Thursday, October 25, 2012

BIRDS, BEES AND BUTTERFLIES… OH MY!! Attracting These Beautiful Creatures to Your Yard by Janet Merriweather

Photo by Tina Ligon

BIRDS: Be careful what you wish for when it comes to calling all birds to your yard! The type of seed you supply can somewhat determine what kind of birds you will attract to your feeders. Just remember, you cannot discriminate against your little feathered friends! When you call them, they will come, all of them! So, when you see all of the black birds and sparrows eating up your seed don’t cringe, rejoice in the fact that you are one with the bird world! Don’t hit the bargain table when buying your seed. You want the best food for the health of your little feathered friends. Things to consider: Suet can go rancid in the high heat, sunflower seeds and peanuts in the shell leave a mess, cracked and whole corn attract unpopular birds and squirrels. Just remember, the more natural the better. Try planting flowers and vines in your yard with birds in mind. Some good resources on the web are: National Audubon Society; and Backyard Wildlife Habitat Program;

Friday, October 12, 2012

A Case for Cover Crops and Green Manuring by Sally Berriman

Crimson Clover and Annual Rye Photo by Peg Tillery
A cover crop is simply a high number of plants, not grown for food but as plant material which is used to improve the soil.   When the cover crop is tilled into the soil, it is referred to as a green manure crop or green manuring.  The terms are often used interchangeably.  While cover crops have been used extensively in commercial agriculture, recently more home and community gardeners are starting to use cover crops on a smaller scale.

Cover crops are beneficial because they build soil structure, add organic materials, replenish soil nutrients, fix atmospheric nitrogen, protect the soil from wind and water erosion, suppress weeds and reduce insect pests.  Additionally, cover crops can provide a green and much more attractive alternative to an expanse of dry dirt during the off-season.  

Tuesday, October 9, 2012

Fantastic Foliage Plants by Gardener Dave

If you are considering reducing maintenance in your annual garden next year, consider having fewer flowers and adding more foliage plants. When you find a “happy spot” for them, they will increase in size and become even more colorful throughout the summer. Most like more shade than sun, but many will enjoy several hours of morning sunlight if they are watered adequately. They require no deadheading and most take trimming and shaping well. They are available in many contrasting colors, all the way from greens to browns, maroons and reds - many are variegated interestingly and can make striking color combinations with other annuals or even some perennials. 

Consider mixing them in with other plants that like partial sun or shade, such as hostas, caladium, or begonias. Or, plant them in pots as “specimens”. They will grow and reward you with evolving, sun-dappled colors from spring up until frost with minimal care. They are colorful without being overbearingly bright or “in your face” and have the best effect where you can see them up close as you pass by.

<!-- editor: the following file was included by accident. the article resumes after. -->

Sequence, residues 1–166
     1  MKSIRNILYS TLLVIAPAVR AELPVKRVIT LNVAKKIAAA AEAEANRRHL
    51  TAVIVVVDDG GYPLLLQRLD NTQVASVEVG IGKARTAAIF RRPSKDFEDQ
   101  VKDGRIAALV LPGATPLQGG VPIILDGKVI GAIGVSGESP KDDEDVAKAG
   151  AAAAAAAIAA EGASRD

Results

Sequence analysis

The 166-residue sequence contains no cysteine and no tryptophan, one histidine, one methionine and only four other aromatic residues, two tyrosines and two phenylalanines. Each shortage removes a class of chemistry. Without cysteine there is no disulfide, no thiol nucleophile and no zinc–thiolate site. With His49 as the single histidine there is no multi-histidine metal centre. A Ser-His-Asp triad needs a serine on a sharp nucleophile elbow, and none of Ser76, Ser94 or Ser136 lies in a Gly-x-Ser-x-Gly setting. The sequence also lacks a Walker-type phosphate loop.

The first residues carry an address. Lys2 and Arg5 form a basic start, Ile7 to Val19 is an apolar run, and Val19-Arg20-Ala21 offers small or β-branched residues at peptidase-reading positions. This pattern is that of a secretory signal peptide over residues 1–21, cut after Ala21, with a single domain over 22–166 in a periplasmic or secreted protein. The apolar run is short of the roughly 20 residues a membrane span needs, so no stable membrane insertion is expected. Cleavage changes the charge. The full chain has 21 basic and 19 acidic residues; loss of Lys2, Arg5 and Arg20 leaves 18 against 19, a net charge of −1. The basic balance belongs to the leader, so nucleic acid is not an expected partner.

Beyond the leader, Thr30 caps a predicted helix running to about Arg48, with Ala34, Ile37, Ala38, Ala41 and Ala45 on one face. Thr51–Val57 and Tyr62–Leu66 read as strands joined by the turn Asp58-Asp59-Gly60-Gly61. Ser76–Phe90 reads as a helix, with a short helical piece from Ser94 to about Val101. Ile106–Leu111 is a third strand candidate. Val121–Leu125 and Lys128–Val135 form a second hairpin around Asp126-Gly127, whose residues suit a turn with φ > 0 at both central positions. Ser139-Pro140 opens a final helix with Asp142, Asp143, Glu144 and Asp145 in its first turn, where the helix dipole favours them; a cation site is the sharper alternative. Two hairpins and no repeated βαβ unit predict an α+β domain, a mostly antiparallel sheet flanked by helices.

Saturday, October 6, 2012

A Cut Above the Rest; Choosing An Arborist by Kate Sullivan-Sisneros

Liontailing Photo by Kate Sullivan-Sisneros

My neighbor to the North of us has two 30+ year old willow trees.  Recently, I watched helplessly as a local tree service butchered them with inappropriate pruning cuts.  This company must not have been aware of ANSI pruning standards (American National Standards Institute), as the tree was riddled with heading cuts – a big ‘no, no’ when pruning mature shade trees and ‘lion-tailing’ which shifts the weight to the outer making the tree more susceptible to wind damage.  And NO care was taken to safely lower the branches to the ground.  Instead, my husband said it was literally “raining branches.”  In the process, my upright juniper sustained four broken branches, leaving a gaping hole on one side.  This will not grow back.  Save yourself this experience and read this article!

Thursday, October 4, 2012

Dual-Purposing Your Satellite Dish By Amy Norwood

Photo by Amy Norwood

Though you can’t see them too well in this picture, there are about twenty pieces of twine tethering my Chadwick Cherry tomato plant to my satellite dish.  And we still get TV reception!  So get satellite tv and throw out your tomato cages!

Tuesday, October 2, 2012

Harvesting your Pumpkins By Joyce D’Agostino

Rouge Vif D'Etampes (Cucurbita maxima) photo by Joyce D'Agostino

This growing season was a challenge for most of us due to the heat and lack of rain. Many pumpkin growers this year reported their crops maturing weeks earlier than the normal schedule due to the extreme drought conditions.

If you grew pumpkins this year, now is the time to prepare them for harvest and storage. Knowing when to cut and store your pumpkins is important.  Pumpkins are not only suitable for eating but are great for fall decorating and carving. Like winter squash, pumpkins take most of our growing season to produce the pumpkin. Choosing the right variety for your climate helps you achieve a successful fall pumpkin harvest.